The latest notice sent by the income-tax department to Vodafone Plc is likely to be seen as a brazen display of "tax terrorism" by a government which had promised to purge the two words from its vocabulary. The government has played down the notice by describing it as "routine", but its warning that the British company's assets could be seized if it failed to pay Rs 14,200 crore in disputed tax to the government is Kafkaesque for three reasons. One, Vodafone is already engaged in an arbitration with the government in the case of a taxation claim for a transaction the company completed in 2007, in which its subsidiaries not based in India bought out Hutchison's 67 per cent stake in its telecom joint venture in India for about $11 billion. And taxation experts question whether there is a provision in the arbitration procedure that allows the I-T department to attach assets if a payment is not made while it is still going on. Second, the action comes just days after the prime minister made a grandiose announcement at the Make in India summit in Mumbai that retrospective taxation was a closed chapter and his government was swiftly working towards a tax regime that was transparent and predictable - something that prompted Vodafone to strike back and say the I-T notice showed a complete disconnect between the government and the tax department. No one can disagree with this, as even the finance minister has been saying at every available public forum that retrospective taxation is a thing of the past.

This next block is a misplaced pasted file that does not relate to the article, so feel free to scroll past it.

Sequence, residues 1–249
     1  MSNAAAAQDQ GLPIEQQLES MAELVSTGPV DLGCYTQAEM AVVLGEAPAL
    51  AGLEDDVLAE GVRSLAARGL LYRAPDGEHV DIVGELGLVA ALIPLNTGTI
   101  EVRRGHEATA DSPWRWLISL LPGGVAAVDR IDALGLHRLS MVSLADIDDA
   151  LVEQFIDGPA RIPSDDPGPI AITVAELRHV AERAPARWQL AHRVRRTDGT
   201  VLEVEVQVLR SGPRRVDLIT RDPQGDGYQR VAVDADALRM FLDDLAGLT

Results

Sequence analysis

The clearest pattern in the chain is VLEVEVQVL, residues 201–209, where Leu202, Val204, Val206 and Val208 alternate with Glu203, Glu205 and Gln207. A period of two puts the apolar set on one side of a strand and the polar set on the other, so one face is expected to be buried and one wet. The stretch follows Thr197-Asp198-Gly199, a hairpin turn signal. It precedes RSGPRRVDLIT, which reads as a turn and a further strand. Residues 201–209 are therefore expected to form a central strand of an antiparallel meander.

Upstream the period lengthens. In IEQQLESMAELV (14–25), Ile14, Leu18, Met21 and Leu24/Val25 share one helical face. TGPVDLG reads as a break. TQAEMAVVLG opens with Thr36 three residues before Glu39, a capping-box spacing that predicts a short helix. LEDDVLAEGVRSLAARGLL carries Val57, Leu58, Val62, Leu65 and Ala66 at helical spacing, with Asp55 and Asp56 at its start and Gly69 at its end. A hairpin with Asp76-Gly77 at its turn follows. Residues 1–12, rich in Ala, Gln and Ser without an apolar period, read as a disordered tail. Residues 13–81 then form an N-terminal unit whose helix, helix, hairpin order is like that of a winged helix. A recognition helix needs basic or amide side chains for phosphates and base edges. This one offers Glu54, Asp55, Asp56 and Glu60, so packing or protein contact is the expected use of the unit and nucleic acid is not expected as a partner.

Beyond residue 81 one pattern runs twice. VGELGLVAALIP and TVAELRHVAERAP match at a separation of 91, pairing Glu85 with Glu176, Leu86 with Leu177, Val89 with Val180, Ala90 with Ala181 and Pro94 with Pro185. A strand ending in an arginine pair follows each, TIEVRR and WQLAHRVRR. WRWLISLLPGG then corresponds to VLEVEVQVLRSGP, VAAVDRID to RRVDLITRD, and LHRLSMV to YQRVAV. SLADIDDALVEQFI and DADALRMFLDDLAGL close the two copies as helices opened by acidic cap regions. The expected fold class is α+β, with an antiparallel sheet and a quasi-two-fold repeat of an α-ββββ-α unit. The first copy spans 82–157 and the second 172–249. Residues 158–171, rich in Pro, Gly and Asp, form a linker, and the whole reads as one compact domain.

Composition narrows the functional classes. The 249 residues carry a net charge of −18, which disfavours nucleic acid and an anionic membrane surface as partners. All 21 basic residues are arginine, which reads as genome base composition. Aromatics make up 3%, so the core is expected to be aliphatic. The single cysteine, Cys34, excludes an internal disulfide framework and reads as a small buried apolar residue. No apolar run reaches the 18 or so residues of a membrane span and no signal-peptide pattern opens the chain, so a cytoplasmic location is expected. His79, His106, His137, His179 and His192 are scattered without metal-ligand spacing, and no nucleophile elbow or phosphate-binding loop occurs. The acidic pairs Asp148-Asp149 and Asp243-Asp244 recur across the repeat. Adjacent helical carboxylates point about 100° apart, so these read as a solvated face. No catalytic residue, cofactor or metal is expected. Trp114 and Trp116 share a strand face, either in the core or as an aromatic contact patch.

That brings up the third point. That the I-T notice was a carefully thought-out exercise and not the handiwork of an over-enthusiastic deputy commissioner is suggested by the revenue secretary's tweets that it was a routine exercise, of sending collection notices to all those whose dues are not stayed by any court - and that Vodafone can always appeal for a stay on the order, or approach the next higher authority. This makes a mockery of the arbitration process, and it is ironic that all this drama is happening at a time when almost the entire Narendra Modi Cabinet is busy telling foreign investors in Mumbai why they should change their perception of India as an investment destination. Apart from the absence of any immediate trigger, what makes the timing of the tax notice quite curious is that it came a day after the revelation of the I-T department's decision to extend the freeze on the sale of Cairn India shares owned by UK-based Cairn Energy. It couldn't have been a coincidence that the Cairn case is also under arbitration and both the companies are victims of a law in 2012 that allowed the government to tax transactions dating to 1962 in which two foreign firms exchange an Indian asset. The measure overrode a Supreme Court ruling in January that year.
As the global investor community is watching the Vodafone and Cairn cases closely, the government must act sensibly and quickly to avoid concerns that the country's regulations are becoming increasingly volatile and that foreign companies are becoming targets for a cash-strapped government that is desperate to raise tax revenue. The lingering confusion in the matter would only reinforce the impression that promises made by the highest authorities in the land to jam-packed auditoriums, are in fact empty. Once the prime minister and the finance minister have promised the end of retrospective taxation in public, the actions of their government must be in synergy. A public reversal of stand at the highest level on this demand, followed by a quick conclusion to the arbitration process, is imperative.